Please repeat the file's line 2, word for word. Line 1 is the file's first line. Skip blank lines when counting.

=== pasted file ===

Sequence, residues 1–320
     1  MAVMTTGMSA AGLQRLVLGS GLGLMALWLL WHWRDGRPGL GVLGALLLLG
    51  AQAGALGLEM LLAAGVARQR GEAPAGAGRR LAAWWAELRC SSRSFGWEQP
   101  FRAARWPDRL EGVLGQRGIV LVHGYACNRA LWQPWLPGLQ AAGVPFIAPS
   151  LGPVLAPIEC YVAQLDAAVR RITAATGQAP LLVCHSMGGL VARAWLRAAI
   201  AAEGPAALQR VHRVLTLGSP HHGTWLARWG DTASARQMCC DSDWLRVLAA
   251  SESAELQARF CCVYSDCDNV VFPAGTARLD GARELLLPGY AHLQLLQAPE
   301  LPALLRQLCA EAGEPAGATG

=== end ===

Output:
     1  MAVMTTGMSA AGLQRLVLGS GLGLMALWLL WHWRDGRPGL GVLGALLLLG